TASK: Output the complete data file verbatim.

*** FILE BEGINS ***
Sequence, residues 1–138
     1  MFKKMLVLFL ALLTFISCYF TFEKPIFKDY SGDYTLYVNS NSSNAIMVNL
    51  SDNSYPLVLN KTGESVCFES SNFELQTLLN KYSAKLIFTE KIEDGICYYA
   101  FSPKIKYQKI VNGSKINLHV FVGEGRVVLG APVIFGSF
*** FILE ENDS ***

Sequence, residues 1–138
     1  MFKKMLVLFL ALLTFISCYF TFEKPIFKDY SGDYTLYVNS NSSNAIMVNL
    51  SDNSYPLVLN KTGESVCFES SNFELQTLLN KYSAKLIFTE KIEDGICYYA
   101  FSPKIKYQKI VNGSKINLHV FVGEGRVVLG APVIFGSF